The Upper Des Moines-Republican, March 18, 1931 }5ixty Boys Out for High School Track. Coach Aubrey Bonham. announces that there are about thirty hopefuls trying out every day for the Algona nigh school track team. There are ten men from last year's squad out With twenty new ones, all striving to run faster than the other fellow. Hurdlers seem to be lacking for this year's squad but there are plenty of dash men with five or six half milers and two or three good milers. The field events are pretty well taken care of with the exception of high jumpers and broad jumpers but this will be remedied before the season starts. The flist meet will be the home meet on March 28 and Emmetsburg WiV come here the first week after spring vacation. All the boys are working hard in order to make the team and get the opportunity to see some of the nig college and high school meets such as the Drake relays or the Sioux Falls relays. Algona Hi Lights VOt. I ALGONA, IOWA, WEDNESDAY, MARCH 18, 1931 No. 1 "It takes Interested readers as well as talented writers to make a good paper." Interclass B. B. Tournament. The interclass basket ball tournament took Vlace las^Mondav Tn P ^v nnrt (secured rooms in the girls' dormitory. '£ 1( f Coring ?f ls . are 8° In ^' ol adys ! S te , ing> ^ orma Orelner - Jfene Dalzlel, — Twenty Years Ago. Mrs. E. J. Murtagh and Mrs. McMahon were in ~" days' visit. election, T, was not so fast but the defense was exceptionally good as the score shows. The next night a game was played between the freshmen and the juniors which the juniors again easily won. Wednesday night the big game o) tournamont was played between the both having won this game easily for they were out to [avenge the close defeat they received ,..,. The seniors p] a y e( i a g^ ball but the scrappy Juniors freshmen outfit offered the surprise of 'the ' .... .... Edna Gilmore was out of school last week because of the death of her grandfather, Mr. Jamison. contest to be held at Mason City soon. A team of three pupils will be chosen lin each class and will represent Alj contest. eleventh English classes have studying Dickens' "Tale of Two They began the study by duced by the engine. The ammonia „ still in the form of a gas when it leaves the compressor, but it is very hot be cause of heat taken up during the process of expansion. The hot am monia gas runs through a system o: coil of pipes. In the Inner pipe is cok [water and in the outer pipe the gas By this method of having the cold water running through a small pipe Inside the larger one the ammonia gives off heat not only to the water to the air outside as well. As t gradually liquifies it trickles dow [into a large tank at the bottom of the palong "thf cemng^ve? to the opposite end o 'the roonf where HUNTED! "* as up a detailed study of poetry. tataing W , ar f sf classes *"* been <%*' *> e last two weeks by screeching of fresh intolce* Into h Price Cunningham, one of the well Known Buffalo township residents, passed away at his home after a short Illness. Practice for East-West Meet Durln " w(ek of s P rin S vacation The Algona Commercial meet and discuss th a Boy Scout movement from March 27th to April- 6th, thelthrYS a^uch^^pi^becfuL Mr. Bonham has begun a review of senior normal training girls will spend the ammonia gas has a larger volume the tumbling exercises taught in the part of ™ e ttae Practicing teaching In than the liquid. first semester of Oils school year. This ru £?J schools. The part-gas, part-liquid ammonia is being done so that the boys can . T T advance . 1 domestic science class is then piped through the ice storage . .practice upon the work they will do L 11 , 85 , be f n . studying the dinner unit for room so that its power to still absorb in 'in the meet. Some of the boys are do- the ^ st few w .?*f. On Thursday they a little more heat may not be wasted _ ,., „ ,ing some excellent work on the bars f 6 ™* 1 a fl ve-thirty dinner in the din- The ammonia gas Is then drawn back J. W. rwadsworth was given the re- arid on the horse and undoubtedly H!f I? 0 , 1 "',, guests were Invited, to the compressor, which acts as a publican nomination for mayor of Al- there will be some good work done in !,, e ..? irl , s c j ose * he menu and P re Pared pump, forcing the liquid, which has u ,_ — i all the foods. One girl was selected as | been compressed Igona by a vote of 211 to 86 over E. O. competition. The east and west sides Bowyer. have both had secret practices and Donald R. Fraser, brother of Dr they are both out to show the other Walter Fraser, died at Ws home to w side has the best at Wctos. Riverdale weakness. township from a heart Four members of the Salvation Army had taken rooms in the Durdall Girls' Basket Ball Tournament. The senior girls basket ball team their headquarters. hotel and intended to make Aleona has P rove d to the other girls that they * nave the best team. The seniors with « Ai two high scoring forwards defeated Pat tf rson al »d the sophomores 43 to 22 and the jun- Miss Ruth- lors also by a score of 34 to 22. Wed- at nesday night the Juniors played the sophomores and defeated them 19 to 1. however, is not un- game. erford entertained fcheir friends two parties that week. The jewelry store belonging to E. G.|;F, he . Bowyer was being taken over by Les- deputed for the Juniors defeated them lie Barton of LuVerne who held a |? fter the tournament in a challenge mortgage on the stock. The popular young lady contest which was held at the Call opera house In conjuction with a road show was won by Miss Edna Sorenson, daughter of Lars Sorenson. -.AH-. „« . IB" «*w iiui owing iiicjit? iiicxi nave SSSSP'S.yS? °2 e ?-- received a week's vacation because the host, one as and some others Track Starting in Full Swing. With varsity basket ball men taking up training for track the season will full swing These men have hibition In the windows of drug store. It pnH and was to have • R< H> Iong season of basket ball and ending 5 ft P- up in hard tournaments Mr. Bonham they would do much better been «nM t« n ^TiM.,... i. .*t. j « j P" 0 "* 111 lney w °um do mucn better |?een sold to a museum if it had lived. wlth a rest. With most of last year's The Algona high; school basket ball men back a very successful season is im put up a game but losing fight against Waterloo and were defeated by a score of 35 to 14. This was the only defeat of the season for the local boys. * Representative Hutching had sub- muf •""••••Jnltted a petition to the house with the names of forty citizens of Kossuth county asking for the submission to the voters of the women's suffrage amendment. A. F. "Doc" Dailey was holding himself in readiness to Join the United States troops on the Mexican border. He was a member of the 56th regiment of the Iowa National Guard holding the rank of quartermaster- and captain. , * Horace Mann came home from Buffalo, New York, where he had been for «, number of years. He was a socialistic writer of prominence and it was thought that he intended to continue •nls writings from the Mann farm near Irvington. Paper Hanging Painting Decorating Work guaranteed to be satisfactory. Prices reasonable. Address , R, Scull 120 North Lantry St. being looked forward to. Girls Learning: to March. Miss Stubbs has been teaching the girls' gymnasium classes how to march. After much practice and stepping on each others heels, the girls have succeeded in marching quite well. Grade News. Betty Jane Messenger, who has been out of school for some tune on account of an operation, is now back in school again. There is an enrollment of 74 pupils at the Congregational church. Miss Portman's second grade pupils gave their yearly program to the other school children Thursday afternoon. Friday they will give it for their parents. The program consisted mainly of Mother Goose plays and songs. as sisters who waited on the table. Between the second and third courses, toasts were given with Kathryn Funk as toastmaster. The civics class proposed drawing up a petition against the ten per cent tax on amusements which would be signed, judging from the enthusiasm of the class, by most of the civics students. We wonder if some of them would not change their opinion if they knew that this ta is to be used in the school fund and would relieve the property tax to some extent. The bar chart which is being kept for the beginning and advanced typing classes is racing red lines across the sheet as the rates of the students pile up. In the beginning class Bernice Harrington leads with a rate of 54 words a minute and, Helen Becker and Genevieve Hartshorn are second and third respectively. In order to raise the rate, the typists must not have over seven errors to be shown on the chart. I wonder if very many of the students have noticed the difference in the tough lt Miss things. Wise Cracks. PHaehn: Name two useless H, W, POST Dray and Transfer Phone 298, Algona, low* Long Di«tanc« Hauling. Every load insured against loss or damage. Equipped to do all kinda of draytng and hauling. 32-tf Otis Barr: Whip socket on an automobile and Mayor Thompson of Chicago. Miss Messenger to her English class: Tomorrow we will take the life of John Milton. Please come prepared. It Makes a Difference. Teacher: How old would a person be who was born in 1898? John Batf. Man or woman? Mr. Johnson: Why is your book open, Bob? Bob W.: I haven't studied. Mr, Johnson: Neither have I, so keep it open. Last week Eugene Nelson went to Mr. Overmyer in search of a Job for the eumme'r- Mr. Overmyer: What kind of a job would you like Eugene. Eugene: I'd like one between 12:00 and 1:00 p. m. with one hour off for lunch. Teacher: Whose birthdays are in February? BUI Spencer: Washington's, Lincoln's and the ground hog's. width of the aisles on the east side of the assembly. Surely you have if you walk down the one between rows 6 and 7 and then rows 4 and 5. You will cease to wonder why the juniors and seniors who sit in rows 4 and 5 seem to walk with a stagger througfh this narrow pass. A few curious ones, in an effort to discover the reason for the so-called staggering, found that one aisle contained nine floor boards and the other twelve. About 25 of the high school students took part In the play "Protection" given by the Anti-Saloon League at the Methodist Church Monday evening. The pilay was a law suit brought against a bootlegger. Some of the principal characters were Carl Medin, bootlegger; Peter Chubb, prisoner; Lyle Runchey, defense attorney; Karl Shumway, prosecuting attorney; Melvin Slhilts, county attorney; Everyal Adams, sheriff; Thomas Vlpond, newspaper editor; John Simpson, detective; Kenneth Medin, clerk; Joe Jordan, another witness; Yillard Zeigler, banker; William Monlux, constable; Helen Morrow, the plaintiff and Margaret Habeger, society woman. Twelve other students acted on the Jury. The junior normal training girls are studying about the proper amount of height and air necessary hi a school room. We suggest that they enlist the help of Eugene Pearson if they find we do not have enough fresh air. The senior normal girls have made booklets of their history lesson plans. Some of these booklets will be sent to the fair. The zoology class found that some animals studied are common but not often observed. Such an animal is the pressed again after it has gone through the system. One-third of the total number of cans of ice are emptied and refilled with fresh water every twelve hours The water in these cans is kept in continual motion. Pipes of compressed air run to and fro between the cans with connecting pipes to each can. This compressed ah- keeps the water in constant motion so that only the pure water freezes and that containing the mineral matter, which has come out of the solution, stays in the center. When almost all the water is frozen, the mineral water is drawn off and fresh water let in. This fresh water has a small per cent of mineral matter in It— but only a small per cent. This is why the center of the block of ice is opaque. The blocks of ice are completely frozen in thirty-six hours. The cans containing the ice are then taken from the tank of brine and placed in a trough where warm water is run over the cans until the cake of ice slides out. The cakes of ice are then put in the storage room for future WALL PAPER CATALOGUES We have the largest assortment of beautiful moderately priced papers in stock now that we ever had before— 300 patterns from 4c to 48c per roll. Fade proof papers at 17%c. A few last year patterns at one-fourth regular price. BRING IN YOUR CATALOGUES Our stock is so complete that we ask you to make selections from your catalog in your home, bring them to us and we will duplicate them in pattern and quality to your satisfaction and save you money. Why send for paper when you can see what you buy and take it home with you? $1 FOR YOUR PAPER CATALOGUES We will allow $1 for your paper catalog on each $10.00 purchase of wall paper and paint. A proportionate allowance will be made on all orders less than $10. Your old catalog will pay for the gas— bring it with you. Paine use. Ammonia liquid piped from the tank or ammonia under the colls enters an expansion valve Just outside the door of the storage room. The liquid then circulates through a system of pipes in the storage room under reduced pressure, and when it has absorbed a suf- orensen Algona, Iowa ficient amount heat it ,1s drawn toaclc to'tlte Prom the ice plant we next go to the main building where the ice cream Is made. In the basement of this building is another smaller ammonia plant. The only difference between this one and the one in the ice plant is that this small one is run by a small electric motor hi place of a Diesel engine. The Ammonia is compressed by pistons in the compression chamber. The vinegar eel vinegar. generally found in cidar o shaviW comfbriP at home (PROBAK BIADE Coa-rido* Clippings. Last week a new pupil entered the Algona high school in the sophomore class. Her name is Mildred Wright and she comes from Flint, Michigan. The school she was attending there had an enrollment of about two thousand pupils. We hope she will like our school even if it is much smaller. Welcome to the Algona high school, Mildred. The sub-district declamatory contest was [held Thursday evening at Swea City. Algona high school had two contestants, Helen Morrow In the dramatic division and Donald Hutchins in oratorical. We are proud to report that they were both awarded first in their class and were successful in bringing home the beautiful trophy cup. This cup must be won three times in order to gain permanent possession of it. Pentori has won it twice but we are hoping Algona will be able to win it for the next two years and thus have it to adorn our trophy case permanently. Miss Duhigg, Miss Messer and Mr. Linnan acted as judges at the declamatory colntest given at St. Cecelia's academy last Wednesday evening. On Friday evening of last week Miss Duhigg went to Britt to judge a round of the state declamatory contest. Miss Messer's twelfth English class has been studying "Hamlet". They are planning to go to Mount Vernon to see the sophomore class of Cornell college dramatize this same play. Every year the sophomore class dramatizes one of Shakespeare's plays and this year it is "Hamlet." The play is under the direction of Mr. and Mrs. Clyde Tull. Miss Messenger has A WORTHWHILE TOUE. Several weeks ago the physics and chemistry classes went on a tour of inspection of the Algona Ice Cream & Candy Factory. They had been studying the different kinds of refrigeration and the method used in making artificial ice so the trip was very educational in that it gave them an opportunity to see the machines in operation. Mr. Taylor was a very liberal host, treating the classes to Eskimo pies and offering a prize to the student writing the best theme on the operation of the plant. Hazel Neeling won the five dollar prize and six others were awarded one dollar prizes. They were Genevieve Hartshorn, Alva Benson, Lucille Black, Dordthy Johnson, Margaret Laabs and Irene Davis. The ones taking first and second were low. corrected We hope and ahe offered that our readers be- will find them interesting and enlightening. Artificial Ice Plant. (By Hazel Neeling.) I wonder Just how many people in Algona know how the ice they use Is made. Several weeks ago the physics class had the opportunity of visiting the ice plant and discovering how the fundamental principle behind the manufacturing of artificial ice Is carried on. This making of artificial ice is an application of the principle that when certain liquids change to a vapor or gas, heat is drawn from surrounding objects thus reducing their «mperature. Compressed air from a large tank just inside the door is used to start ;he large Diesel engine which Is used to run the plant. Ammonia gas is used in the plant because of its low boiling point (-34 degrees C.) and because it has a high heat of vaporiza- .ion or it takes a large number of calories of heat to change the liquid ammonia back to a gas, and therefore t Is able to absorb a large amount of hot ammonia gas passes through an oil trap on Its way to the cooling coll. The purpose of this oil trap is to catch all oil that may have vaporized during the compression of the ammonia. If the oil were allowed to go on into the the pipes, they would become corroded and thus lower the efficiency of the plant. The ammonia gas is piped through the cooling coil and gradually liquifies as it did In the other plant. The water used hi the cooling coil is supplied from a large tank. The hot water coming back from the cooling coll is piped to the cooling tower on the top of the building and is sprayed ;hrough the ah-, cooled and returned » the tank and used over again. This lowers the expense of running the plant. Some of the liquid ammonia is piped to the first floor where it is used to cool the cream which Is to be made into ice cream. The ice cream is mad into bricks and packed in the storag cans while It is still rather soft. Thest bricks and cans are put in a room call ed the hardening room. Liquid am monia piped] from the basement i used in cooling the room. The ice cream hardens as the heat is absorbec by the ammonia and in a short time i is ready to be sold. Algona Ice Cream & Candy Factory. (By Genevieve A. Hartshorn). The Algona high school physics stud ente, on a tour of Inspection through the "Algona Ice Cream & Candy Pac tory a short time ago, found it to be one of the most modern, sanitary, up to-date plants of Ite kind in the North west. In studying the mechanical opera tlons of the machinery it was found that two systems are used; one for tht manufacture of artificial ice and the other for the making of Ice cream Both systems are applications of the principle that when certain liquids change to a vapor or gas, heat la drawn from the surrounding objects, thus reducing their temperatures. Ammonia, because of the low temperature at which it is converted into a gas (-34 degrees C.), \s the refrigerating agent used In the local plant. This gas Is compressed by a large compressor Into a liquid known as hydrous ammonia, and is forced into a double system of coiled pipes. Here the heat of expansion Is absorbed by the cold water and the atmosphere. Since the pipes containing the cold water fit Inside of the ammonia pipes, the cooling effect is greater than would be possible in a plant where cold water flowed over the ammonia pipes, for in the Algona factory, both a larger surface area of ammonia is exposed to give off heat and a larger absorbing area is present to take care of the superfluous heat. The power required to run the compressor is supplied by a large Diesel engine. form of colls In the tank of salt brine. Here the ammonia expands Into a gas, the heat required for the process being absorbed from the brine. The lat*-!- t ho?ig | ' t -4t Leaving the condensing coils, the ammonia flows on through an expansion valve where a small quantity Is allowed to flow through at a time into .heat before it changes back to a gas. ia system of larger diameter, providing The gas is compressed by pistons, more room for expansion and reducing J which are operated by the power pro-j the pressure. These pipes are In the _ .-is-cooled until its temperature is several degrees below the freezing point of fresh water. The water which is to be frozen is placed in cans the shape and size of the desired cake of ice and immersed among these colls along the floor. A steady stream of compressed is constantly directed into these cans to keep up a circulation of the water. Since pure water freezes at a higher temperature than that containing mineral matter that along the edges freezes first, while the water containing minerals Is carried toward the center, pumped out, and fresh water introduced to take its place. Since the water which Is pumped in contains some minerals, the area of white or opaque is accounted for. About one-third >f the cans are filled at twelve hour Intervals so that some cakes can be removed while others are being filled md still others are just beginning to freeze. About thirty-six hours are required to completely freeze a cake of artificial ice. The pipe entering the brine tank is coated with a heavy covering of frost due to the exceedingly low temperature of its contents. The one leaving the tank has a much thinner frost coating since more heat has been ob- sorbed and is being carried through it. Prom here the ammonia is piped ;hrough the storage room back to the compressor. A large tank of liquid ammonia extending the full length of one wall of the plant keeps the flow of the fluid constant, increasing the cooling capa city. To remove the cakes of ice from th cans, the Algona plant has a regula hoisting device to lift them from th floor to a place where enough hot wat er is sprayed over them to loosen them from the cans from which they slid down a chute Into the storage room where ammonia pipes along the cell ing keep the temperature low. Since these pipes are placed along the ceil ing they are particularly effective, fo the heavy cool air circulates to tht floor around the stored ice, and the hot air goes to the celling to be cool ed by Uie ammonia in the pipes. As the frost collect* on these pipes from the gold medal In a national contest for the quality and purity of his ice cream made in his Algona plant, and though Dolly Madison, wife of fourth president of the United States, has the distinction of being the first hostess to make and serve Ice cream in this country, he can truthfully say that he is the first person to make and serve Ice cream to the Algona public. Nazarene Church. Sunday School at 9:45 a. m. Morn- Ing worship at eleven a. m. with sermon by pastor. Evangelistic service at seven-thirty p. m. text Gen. 22:13-14. Jehova-jir>lt A special missionary program 6:45 to 7:30. We welcome you to our services.—I. F. Metcalf, pas- hrti* tor. St. Thomas' Church. Sunday, March 22nd, service and sermon at seven-thirty p. m. Wednesday, March 25, holy communion at nine a. m. Lenten service and address at seven-thirty p. m. time to time it in knocked off and shoveled out of the room «o that the ammonia will have a greater cooling effect. From these pipes the ammon- a Is sucked or drawn back to the compressor where It is used over again. The cool water which, during the process has been wanned somewhat Is pumped up, cooled, and used again inside the pipes for the same purpose. The plant also has another system, very similar to the one Just described, which 1« used In making Ice cream, fust above the compressor is a tank whose purpose is to catch all surplus oil and grease from the machinery to ceep It from corroding the circulatory pipes and lowering their efficiency. All of the cream used by the local >lant is pasteurized. After pasteuriza- •ion it is run through A cooling coll. Next it is put In the mixer with the other necessary Ingredients, and when a mushy stage Is reached, it is put In the hardening room in containers which are set on shelves composed of colled pipes, of the cooling system where the hardening process Is competed, The temperature of this room very low. This local plant, of which Mr. Tay or Is the original founder and present roprietor, is- the first and only one of ts kind In Kossuth county. In it are manufactured sanitary ice for local onsumption, and Ice cream for both seal and wholesale dispensation. Mr. aylor has the distinction of winning Notice of Probate of Will. In district court, March term, 1931, No. 3484. state of Iowa, Kossuth county, ss. To all It may concern: You are here jy notified that an instrument of writ ng purporting to be the last will ant. testament of Peter Andre, deceasec dated February 4, 1931, having been Ms day filed, opened and read, tn 7th day of April, 1931, is fixed fo learing proof of same at the court louse in Algona, Iowa, before the dls trict court of said county or the clerl of said court; and at nine o'clock a. m. of the day above mentioned, al persons interested are hereby not! fled and required to appear and show cause, If any they have, why said In strument should not be probated and allowed as and for the last will an< testament of said deceased. Dated at Algona, Iowa, March 10 1931. CLARK ORTON, Clerk of District Court CLARA REYNOLDS, Deputy Sullivan, McMahon & Llnnan, attorneys. 39 , 4l Notice of Probate of Will. In district court March term, 1931. jjg%j^. Koasuth.,county.j*^ To ail whoni it may cortcern: You are heretftr notified that an instrument of writing purporting to be the last will and testament of Martin J. Dam,«o, ,_ dece ased. dated January 13, 1931, having been this day filed on- ened and read, the 13th day of' April, 1931, is fixed for hearing proof of same at the court house in Algona Iowa, before the district court of uald county or the clerk of said court; and at ten o'clock a. m., of the day above mentioned, all persons Interested are hereby notified and required to appear and show cause, If any they have, why said instrument should not be wobated and allowed as and for the ast Will and Testament of said deceased. Dated at Algona, Iowa, March 12, CLARK ORTON, Clerk of District Court. CLARA REYNOLDS, Deputy. Sullivan, McMahon & Llnnan, Attorneys. 40-43 CASH LOANS Automobile Loans Kefinancing—Pay- ments cut down. Special Loan Service to farmers for the purpose of buying good graded milch cows. Loans can be made on cows you al| .ready have. Convenient terms. Loans made at once —No delay Western Credit Company Algona, Iowa Phone 55 First door North of Iowa State Bank.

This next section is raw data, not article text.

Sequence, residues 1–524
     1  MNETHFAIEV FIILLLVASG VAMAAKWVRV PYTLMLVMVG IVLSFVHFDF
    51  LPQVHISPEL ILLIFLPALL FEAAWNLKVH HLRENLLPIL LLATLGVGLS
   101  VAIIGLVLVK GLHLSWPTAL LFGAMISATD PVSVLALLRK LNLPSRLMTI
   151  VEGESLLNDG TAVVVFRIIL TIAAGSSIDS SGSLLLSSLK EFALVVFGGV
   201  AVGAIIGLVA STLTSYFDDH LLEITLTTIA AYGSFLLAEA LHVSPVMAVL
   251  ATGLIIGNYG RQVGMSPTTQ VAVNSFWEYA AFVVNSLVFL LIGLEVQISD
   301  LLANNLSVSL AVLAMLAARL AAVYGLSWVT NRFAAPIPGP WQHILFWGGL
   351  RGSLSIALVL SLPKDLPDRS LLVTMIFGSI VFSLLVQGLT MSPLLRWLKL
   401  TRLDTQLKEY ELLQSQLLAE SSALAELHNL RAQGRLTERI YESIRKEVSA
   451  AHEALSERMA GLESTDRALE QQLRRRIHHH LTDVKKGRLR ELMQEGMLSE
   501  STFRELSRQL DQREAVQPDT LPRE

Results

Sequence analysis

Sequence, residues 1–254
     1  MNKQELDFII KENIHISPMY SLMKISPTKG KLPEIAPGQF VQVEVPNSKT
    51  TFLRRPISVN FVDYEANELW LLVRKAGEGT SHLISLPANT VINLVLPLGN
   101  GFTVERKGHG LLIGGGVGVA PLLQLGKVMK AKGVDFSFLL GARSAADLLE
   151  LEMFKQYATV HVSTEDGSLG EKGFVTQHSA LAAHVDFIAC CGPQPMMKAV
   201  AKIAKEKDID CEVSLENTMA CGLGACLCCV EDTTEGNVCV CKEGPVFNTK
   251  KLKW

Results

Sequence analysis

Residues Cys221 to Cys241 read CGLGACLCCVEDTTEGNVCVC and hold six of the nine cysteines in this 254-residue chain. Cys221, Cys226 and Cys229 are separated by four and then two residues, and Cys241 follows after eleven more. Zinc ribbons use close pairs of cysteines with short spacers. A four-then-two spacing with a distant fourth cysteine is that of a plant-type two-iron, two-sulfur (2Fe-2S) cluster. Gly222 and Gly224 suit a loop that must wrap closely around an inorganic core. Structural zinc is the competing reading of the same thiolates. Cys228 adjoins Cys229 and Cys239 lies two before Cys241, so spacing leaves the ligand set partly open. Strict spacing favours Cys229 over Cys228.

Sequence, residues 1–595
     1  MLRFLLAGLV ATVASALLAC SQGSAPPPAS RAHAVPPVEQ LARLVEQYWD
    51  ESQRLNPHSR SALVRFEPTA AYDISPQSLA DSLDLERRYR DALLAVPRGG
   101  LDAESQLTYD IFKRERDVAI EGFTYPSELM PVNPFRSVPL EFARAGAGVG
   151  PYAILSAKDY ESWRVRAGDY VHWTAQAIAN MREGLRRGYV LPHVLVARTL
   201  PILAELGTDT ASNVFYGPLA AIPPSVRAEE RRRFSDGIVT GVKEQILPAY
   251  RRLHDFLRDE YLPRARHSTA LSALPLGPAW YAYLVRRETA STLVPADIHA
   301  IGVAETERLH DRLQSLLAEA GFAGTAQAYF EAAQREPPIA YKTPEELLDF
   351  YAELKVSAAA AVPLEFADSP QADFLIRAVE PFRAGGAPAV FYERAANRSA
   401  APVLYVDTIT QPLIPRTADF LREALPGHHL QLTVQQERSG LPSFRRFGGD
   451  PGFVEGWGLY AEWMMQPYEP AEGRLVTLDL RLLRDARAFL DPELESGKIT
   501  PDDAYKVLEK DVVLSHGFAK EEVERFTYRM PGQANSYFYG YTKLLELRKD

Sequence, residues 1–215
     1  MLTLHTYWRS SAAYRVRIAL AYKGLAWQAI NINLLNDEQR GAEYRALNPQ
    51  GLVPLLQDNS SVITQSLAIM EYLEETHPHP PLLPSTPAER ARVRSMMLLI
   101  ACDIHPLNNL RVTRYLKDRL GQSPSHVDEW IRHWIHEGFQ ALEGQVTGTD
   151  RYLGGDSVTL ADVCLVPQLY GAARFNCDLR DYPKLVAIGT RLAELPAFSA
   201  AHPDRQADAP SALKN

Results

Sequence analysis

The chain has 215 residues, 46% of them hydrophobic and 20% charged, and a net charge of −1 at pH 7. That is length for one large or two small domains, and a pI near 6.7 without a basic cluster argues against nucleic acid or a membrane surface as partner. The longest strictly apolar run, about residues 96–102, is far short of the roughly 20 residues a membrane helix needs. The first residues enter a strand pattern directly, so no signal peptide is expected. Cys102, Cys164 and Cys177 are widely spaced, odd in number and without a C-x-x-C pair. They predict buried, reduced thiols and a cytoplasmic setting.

What members have found on this page
Get access to Newspapers.com
- The largest online newspaper archive
- 11,200+ newspapers from the 1700s–2000s
- Millions of additional pages added every month